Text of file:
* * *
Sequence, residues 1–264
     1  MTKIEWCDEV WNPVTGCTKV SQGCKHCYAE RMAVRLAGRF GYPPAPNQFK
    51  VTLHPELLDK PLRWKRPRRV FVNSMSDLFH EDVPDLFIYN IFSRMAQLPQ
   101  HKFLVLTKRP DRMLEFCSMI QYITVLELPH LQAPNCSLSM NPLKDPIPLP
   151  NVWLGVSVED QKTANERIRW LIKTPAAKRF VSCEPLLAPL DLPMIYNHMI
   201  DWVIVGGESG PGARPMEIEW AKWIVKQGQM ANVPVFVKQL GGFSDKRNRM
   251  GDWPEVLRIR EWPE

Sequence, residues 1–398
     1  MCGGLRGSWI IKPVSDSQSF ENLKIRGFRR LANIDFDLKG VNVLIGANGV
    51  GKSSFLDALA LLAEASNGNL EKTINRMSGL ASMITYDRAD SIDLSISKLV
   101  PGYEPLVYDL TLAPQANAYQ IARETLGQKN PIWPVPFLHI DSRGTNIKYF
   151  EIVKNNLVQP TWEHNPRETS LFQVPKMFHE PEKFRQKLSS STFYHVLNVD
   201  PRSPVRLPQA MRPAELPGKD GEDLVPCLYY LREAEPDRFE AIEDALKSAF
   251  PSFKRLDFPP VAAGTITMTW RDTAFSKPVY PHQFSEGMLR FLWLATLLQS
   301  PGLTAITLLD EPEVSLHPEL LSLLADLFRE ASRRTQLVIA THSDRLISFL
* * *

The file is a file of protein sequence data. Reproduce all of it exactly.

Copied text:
Sequence, residues 1–264
     1  MTKIEWCDEV WNPVTGCTKV SQGCKHCYAE RMAVRLAGRF GYPPAPNQFK
    51  VTLHPELLDK PLRWKRPRRV FVNSMSDLFH EDVPDLFIYN IFSRMAQLPQ
   101  HKFLVLTKRP DRMLEFCSMI QYITVLELPH LQAPNCSLSM NPLKDPIPLP
   151  NVWLGVSVED QKTANERIRW LIKTPAAKRF VSCEPLLAPL DLPMIYNHMI
   201  DWVIVGGESG PGARPMEIEW AKWIVKQGQM ANVPVFVKQL GGFSDKRNRM
   251  GDWPEVLRIR EWPE

Sequence, residues 1–398
     1  MCGGLRGSWI IKPVSDSQSF ENLKIRGFRR LANIDFDLKG VNVLIGANGV
    51  GKSSFLDALA LLAEASNGNL EKTINRMSGL ASMITYDRAD SIDLSISKLV
   101  PGYEPLVYDL TLAPQANAYQ IARETLGQKN PIWPVPFLHI DSRGTNIKYF
   151  EIVKNNLVQP TWEHNPRETS LFQVPKMFHE PEKFRQKLSS STFYHVLNVD
   201  PRSPVRLPQA MRPAELPGKD GEDLVPCLYY LREAEPDRFE AIEDALKSAF
   251  PSFKRLDFPP VAAGTITMTW RDTAFSKPVY PHQFSEGMLR FLWLATLLQS
   301  PGLTAITLLD EPEVSLHPEL LSLLADLFRE ASRRTQLVIA THSDRLISFL